BOOK REVIEW: Where Were You? A Profile of Modern Slavery
By Matthew S. Friedman. Penguin Books. Paperback, 228 pages with Annex. US$25.94 on Amazon
Reviewed by: Toh Han Shih
When the word “slavery” is mentioned, many people think of African slaves in the Americas. In this book, Matthew Friedman is calling for a modern-day Abolitionist Movement against slavery today, which includes young girls tricked and forced into prostitution, many of them in Asia.
The title of this book, “Where Were You?”, came from a harrowing encounter between the author, when he was a US diplomat working on public health in Nepal, and a 15-year-old girl named Gita. Friedman tried with difficulty to interview Gita in a shelter for former prostitutes in Nepal. Previously, she had withdrawn angrily every time Friedman tried to approach her. Finally, Gita told him her story, which as the author described, was “one of the most gut-wrenching testimonials” he ever heard, involving deception, rape, torture, and disease.
As the book recounts, Gita looked accusingly at Friedman and his colleagues in the room. Her eyes blazing, she shouted, pointing her finger at Friedman and each of his colleagues in turn, “Where were you when I was in that terrible brothel? …. Why aren’t you down there, helping my sisters? …. I am not angry with the traffickers. They are just bad people doing what they do – bad things. I am angry at the good people, society, you! WHERE WERE YOU?”
That incident was a life-changing catalyst that led Friedman to establish in 2012 the Mekong Club, a Hong Kong-based NGO which works with businesses to fight slavery. He is the chief executive officer, married to Sylvia Yu Friedman, whose book, “A Long Road to Justice: Stories from the Frontline in Asia”, was reviewed in Asia Sentinel on January 8.
Matthew Friedman’s book contains first-hand accounts of victims of slavery, such as a Cambodian domestic worker in Malaysia who talked of being beaten by her employers and being raped by the master of the household. First-person accounts of a Cambodian victim in Thailand and a Myanmar victim in Thailand are also given.
Going from traumatic personal accounts to cold statistics, the challenge of tackling slavery appears daunting. According to the book, it is estimated that 500,000 criminals are involved in modern slavery but only 20,000 people globally are fighting it. More than 40 million men, women, and children are in forced labor or prostitution today. Fewer than 0.2 percent of the victims are identified and helped every year around the world, according to the US State Department’s Trafficking in Persons Report 2021.
In the face of such overwhelmingly discouraging numbers, it is tempting to throw up one’s hands in despair and not do anything. However, the author repeated an oft-told story of starfishes. A father and son were walking along a beach full of starfishes. The father picked up and threw a few starfishes from the beach into the ocean at intervals. The son asked his father what difference rescuing a few starfishes made, since there were so many dying starfishes on the beach. The father replied it made all the difference to each starfish he saved, highlighting the importance of every human life.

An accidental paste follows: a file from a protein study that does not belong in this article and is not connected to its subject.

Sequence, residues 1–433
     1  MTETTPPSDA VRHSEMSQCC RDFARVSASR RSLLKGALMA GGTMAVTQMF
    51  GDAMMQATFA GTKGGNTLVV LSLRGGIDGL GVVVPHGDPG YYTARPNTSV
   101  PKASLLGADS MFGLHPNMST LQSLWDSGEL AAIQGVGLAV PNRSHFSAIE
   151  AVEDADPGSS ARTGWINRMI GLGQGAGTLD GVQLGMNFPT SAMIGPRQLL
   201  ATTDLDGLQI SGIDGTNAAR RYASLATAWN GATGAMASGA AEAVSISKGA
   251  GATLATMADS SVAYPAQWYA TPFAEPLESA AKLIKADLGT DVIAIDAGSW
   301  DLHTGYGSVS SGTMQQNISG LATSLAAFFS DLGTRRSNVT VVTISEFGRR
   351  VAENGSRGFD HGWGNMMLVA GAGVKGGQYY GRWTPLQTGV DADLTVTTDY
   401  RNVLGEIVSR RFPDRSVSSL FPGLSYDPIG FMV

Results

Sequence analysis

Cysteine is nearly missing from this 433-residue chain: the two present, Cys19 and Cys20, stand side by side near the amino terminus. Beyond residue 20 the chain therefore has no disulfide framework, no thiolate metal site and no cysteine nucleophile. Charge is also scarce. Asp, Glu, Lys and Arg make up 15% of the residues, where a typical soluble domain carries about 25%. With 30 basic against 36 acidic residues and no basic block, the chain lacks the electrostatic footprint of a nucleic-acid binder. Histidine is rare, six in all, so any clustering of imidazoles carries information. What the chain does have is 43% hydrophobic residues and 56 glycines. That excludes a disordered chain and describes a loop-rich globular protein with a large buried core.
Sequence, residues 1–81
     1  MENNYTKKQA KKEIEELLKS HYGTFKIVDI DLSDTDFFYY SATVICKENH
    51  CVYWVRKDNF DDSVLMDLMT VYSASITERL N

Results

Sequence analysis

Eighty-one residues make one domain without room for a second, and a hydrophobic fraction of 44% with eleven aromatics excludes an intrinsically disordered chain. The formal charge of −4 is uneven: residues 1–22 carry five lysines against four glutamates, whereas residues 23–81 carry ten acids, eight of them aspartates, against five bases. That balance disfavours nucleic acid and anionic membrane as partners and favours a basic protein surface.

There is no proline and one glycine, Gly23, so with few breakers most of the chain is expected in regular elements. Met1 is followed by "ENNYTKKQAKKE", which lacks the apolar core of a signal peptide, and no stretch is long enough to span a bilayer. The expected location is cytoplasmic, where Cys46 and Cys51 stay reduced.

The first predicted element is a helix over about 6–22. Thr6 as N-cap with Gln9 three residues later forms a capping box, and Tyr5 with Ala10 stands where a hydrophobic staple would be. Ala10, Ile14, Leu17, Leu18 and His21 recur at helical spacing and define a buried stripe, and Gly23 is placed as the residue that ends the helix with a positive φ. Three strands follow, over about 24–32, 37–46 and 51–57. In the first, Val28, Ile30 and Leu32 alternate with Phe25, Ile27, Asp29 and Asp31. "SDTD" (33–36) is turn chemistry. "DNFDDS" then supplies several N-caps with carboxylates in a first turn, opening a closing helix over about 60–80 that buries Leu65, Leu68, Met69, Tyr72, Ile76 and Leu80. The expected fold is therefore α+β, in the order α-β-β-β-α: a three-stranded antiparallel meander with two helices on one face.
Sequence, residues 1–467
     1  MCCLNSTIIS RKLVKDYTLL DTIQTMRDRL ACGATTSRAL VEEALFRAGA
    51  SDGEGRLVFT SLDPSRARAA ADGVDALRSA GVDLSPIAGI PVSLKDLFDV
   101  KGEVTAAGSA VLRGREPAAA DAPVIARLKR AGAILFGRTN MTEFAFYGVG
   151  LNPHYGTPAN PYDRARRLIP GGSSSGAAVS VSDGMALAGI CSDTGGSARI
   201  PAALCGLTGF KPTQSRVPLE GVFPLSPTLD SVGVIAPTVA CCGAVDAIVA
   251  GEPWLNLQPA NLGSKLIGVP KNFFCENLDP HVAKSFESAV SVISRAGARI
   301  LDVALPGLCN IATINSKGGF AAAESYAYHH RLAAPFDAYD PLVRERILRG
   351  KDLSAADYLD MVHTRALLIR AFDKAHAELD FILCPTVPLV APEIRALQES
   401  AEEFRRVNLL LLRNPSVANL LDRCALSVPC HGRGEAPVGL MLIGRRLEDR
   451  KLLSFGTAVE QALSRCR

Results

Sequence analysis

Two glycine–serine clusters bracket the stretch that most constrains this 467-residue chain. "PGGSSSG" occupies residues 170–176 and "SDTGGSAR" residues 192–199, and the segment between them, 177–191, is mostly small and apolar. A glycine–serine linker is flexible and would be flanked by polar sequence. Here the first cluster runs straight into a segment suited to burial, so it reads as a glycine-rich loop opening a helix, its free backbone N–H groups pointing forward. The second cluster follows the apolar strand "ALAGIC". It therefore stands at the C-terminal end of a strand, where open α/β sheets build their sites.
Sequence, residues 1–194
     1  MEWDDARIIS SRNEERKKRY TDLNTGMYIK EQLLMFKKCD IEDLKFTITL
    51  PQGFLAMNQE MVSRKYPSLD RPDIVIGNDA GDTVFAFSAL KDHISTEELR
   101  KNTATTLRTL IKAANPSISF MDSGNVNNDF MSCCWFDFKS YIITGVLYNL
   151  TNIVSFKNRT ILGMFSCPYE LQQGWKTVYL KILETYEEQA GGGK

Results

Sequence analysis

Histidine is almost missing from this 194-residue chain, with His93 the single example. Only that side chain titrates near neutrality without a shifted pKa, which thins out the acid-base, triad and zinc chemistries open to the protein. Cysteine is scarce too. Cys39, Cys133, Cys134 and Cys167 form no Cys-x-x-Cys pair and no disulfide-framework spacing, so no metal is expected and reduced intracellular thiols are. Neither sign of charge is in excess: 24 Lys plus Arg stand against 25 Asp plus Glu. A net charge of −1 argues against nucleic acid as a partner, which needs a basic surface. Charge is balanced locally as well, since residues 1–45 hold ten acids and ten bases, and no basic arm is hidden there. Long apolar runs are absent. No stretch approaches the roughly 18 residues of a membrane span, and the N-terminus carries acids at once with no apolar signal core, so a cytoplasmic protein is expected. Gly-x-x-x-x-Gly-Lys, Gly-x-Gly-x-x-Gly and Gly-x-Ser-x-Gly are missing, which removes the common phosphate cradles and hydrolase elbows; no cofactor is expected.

The book contains suggestions for fighting slavery including best practices, some theoretical concepts as well as lessons for character development. For instance, the book pointed out that aid workers should not be thinking how great they are by embarking on a crusade against slavery, but keep in mind this is about helping others, not boosting their egos. The book also includes what the author learned from mistakes.
One of Friedman’s mistakes was trusting a secret trafficker who worked with him to counter human trafficking, as detailed in a section appropriately titled “A wolf in sheep’s clothing.” This double agent, assigned the fictitious name of David, had a strong grasp of slavery beyond nearly everyone else whom Friedman knew.
“He was a very well-informed, intelligent, and articulate person who could captivate his audience with his many stories. He had an uncanny ability to describe how the human trafficking process unfolded at a visceral level,” Friedman recalled.
David told Friedman of a Russian mafia-run brothel network based in the US, whose members were allegedly former KGB spies. According to David, this network catered to high net worth individuals, politicians, and other VIPs willing to pay large fees for sex with young prostitutes including underage girls. Friedman was so shocked by David’s story that he wrote a novel and screenplay on this case entitled “Just beyond the spider’s web.” The novel was never published, but David’s story is being considered for a movie production in Hollywood.
A few years later, Friedman learned David was sentenced to 12 years in prison for human trafficking. As for David’s deep knowledge of slavery, as the saying goes, it takes a crook to know another.
Friedman wrote, “When Jeffrey Epstein was arrested on human trafficking charges, I came to realize that David’s horrific detailed description of the sexual enslavement of young girls to cater to the wealthy and powerful in Europe and North America mirrored his story.”
Parts of this book contain vivid first-hand descriptions of suffering. For example, the author described his experiences in brothels in India where the toilets reeked of vomit and urine. Other parts of this book are practical in tone, giving matter-of-fact advice on how to help in the fight against slavery. Through the practical advice, the reader understands something can be done to reduce this enormous problem. In this sense, the narrative progresses from horror to action and hope. It is an important book for understanding modern slavery and learning how one can contribute to countering this evil.
Toh Han Shih is chief analyst of Headland Intelligence, a Hong Kong risk consultancy.